Nationwide housing production rose 3.6 percent in October to a seasonally adjusted annual rate of 894,000 units, according to the U.S. Commerce Department. This is the highest pace of new-home construction since July of 2008.
"This report is in line with our latest builder surveys, which show improving confidence and optimism in the marketplace as buyers take advantage of low mortgage rates and very attractive prices," said Barry Rutenberg, chairman of the National Association of Home Builders (NAHB) and a home builder from Gainesville, Fla. "Builders are acting to meet rising demand while continuing to exercise caution by pulling a modest increase in the number of single family permits as the market continues to gradually gain its footing."
"Today's report bears out similar changes in other economic indicators that housing continues to recover at a slow but steady place, and is right in line with our expectations of modest month-to-month growth," said NAHB Chief Economist David Crowe. "However, we still have a long way to go to get back to normal production as inaccurate appraisals, tight lending conditions for home buyers and policy uncertainties continue to impede the recovery."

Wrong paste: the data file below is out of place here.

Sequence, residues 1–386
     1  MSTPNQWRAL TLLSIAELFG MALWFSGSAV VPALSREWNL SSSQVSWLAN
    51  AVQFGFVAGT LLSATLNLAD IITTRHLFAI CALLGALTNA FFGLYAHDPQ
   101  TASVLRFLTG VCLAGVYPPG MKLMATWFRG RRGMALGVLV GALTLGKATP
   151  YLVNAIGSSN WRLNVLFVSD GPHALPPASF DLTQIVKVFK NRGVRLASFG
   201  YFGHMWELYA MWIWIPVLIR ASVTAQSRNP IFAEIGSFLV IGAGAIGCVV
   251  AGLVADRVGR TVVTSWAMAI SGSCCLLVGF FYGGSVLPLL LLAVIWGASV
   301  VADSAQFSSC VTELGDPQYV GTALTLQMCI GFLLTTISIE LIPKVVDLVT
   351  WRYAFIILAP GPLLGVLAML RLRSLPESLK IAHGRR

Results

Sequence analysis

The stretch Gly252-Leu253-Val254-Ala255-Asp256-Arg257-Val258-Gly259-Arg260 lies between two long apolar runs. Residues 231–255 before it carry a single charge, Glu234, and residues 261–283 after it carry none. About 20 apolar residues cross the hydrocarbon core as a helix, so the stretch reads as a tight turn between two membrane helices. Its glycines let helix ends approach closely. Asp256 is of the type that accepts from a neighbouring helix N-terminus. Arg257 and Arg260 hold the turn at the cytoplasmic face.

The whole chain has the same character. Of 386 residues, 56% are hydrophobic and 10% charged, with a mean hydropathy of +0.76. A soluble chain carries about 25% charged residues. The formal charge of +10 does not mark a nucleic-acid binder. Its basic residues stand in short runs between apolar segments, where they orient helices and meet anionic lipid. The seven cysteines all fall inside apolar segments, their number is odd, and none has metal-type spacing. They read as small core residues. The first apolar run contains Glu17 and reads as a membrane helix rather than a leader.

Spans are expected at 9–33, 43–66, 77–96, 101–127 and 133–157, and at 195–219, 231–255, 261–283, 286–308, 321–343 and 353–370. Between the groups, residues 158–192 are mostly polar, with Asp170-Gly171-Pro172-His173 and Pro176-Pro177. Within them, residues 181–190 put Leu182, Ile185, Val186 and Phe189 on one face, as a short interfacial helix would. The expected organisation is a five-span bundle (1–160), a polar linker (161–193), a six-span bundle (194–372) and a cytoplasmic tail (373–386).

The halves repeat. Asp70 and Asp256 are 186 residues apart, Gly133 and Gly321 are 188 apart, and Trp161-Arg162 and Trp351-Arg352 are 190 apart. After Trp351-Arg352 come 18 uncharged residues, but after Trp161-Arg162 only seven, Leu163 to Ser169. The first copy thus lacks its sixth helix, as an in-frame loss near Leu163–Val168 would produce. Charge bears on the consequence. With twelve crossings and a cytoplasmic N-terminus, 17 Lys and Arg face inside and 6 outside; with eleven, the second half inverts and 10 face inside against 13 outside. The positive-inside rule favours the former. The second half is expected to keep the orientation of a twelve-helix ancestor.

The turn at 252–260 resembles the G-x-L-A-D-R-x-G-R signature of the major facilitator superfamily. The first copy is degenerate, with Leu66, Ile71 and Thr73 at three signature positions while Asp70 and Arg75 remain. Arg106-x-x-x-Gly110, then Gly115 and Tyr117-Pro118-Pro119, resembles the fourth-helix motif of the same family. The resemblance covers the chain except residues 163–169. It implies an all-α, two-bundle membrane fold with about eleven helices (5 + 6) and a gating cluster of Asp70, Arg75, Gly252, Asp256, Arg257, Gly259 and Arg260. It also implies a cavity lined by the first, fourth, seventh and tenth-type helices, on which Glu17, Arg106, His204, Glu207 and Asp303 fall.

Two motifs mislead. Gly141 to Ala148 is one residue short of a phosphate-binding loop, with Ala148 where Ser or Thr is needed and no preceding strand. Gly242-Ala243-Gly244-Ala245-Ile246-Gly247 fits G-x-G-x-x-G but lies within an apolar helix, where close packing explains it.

Single-family housing starts in October were virtually unchanged at 594,000 units while multifamily production posted an 11.9 percent gain to 300,000 units - the best pace since July of 2008.
On a regional basis, overall housing starts rose 17.2 percent in the West and 8.9 percent in the Midwest while posting a storm-related decline of 6.5 percent in the Northeast and 2.5 percent in the South.
Permit issuance, which can be a harbinger of future building activity, fell 2.7 percent to a seasonally adjusted annual rate of 866,000 units in October. The drop in permits was focused in the apartment sector as multifamily permits fell 10.6 percent from an unusually high September level to 304,000 units. Meanwhile single-family permits rose 2.2 percent to 562,000 units.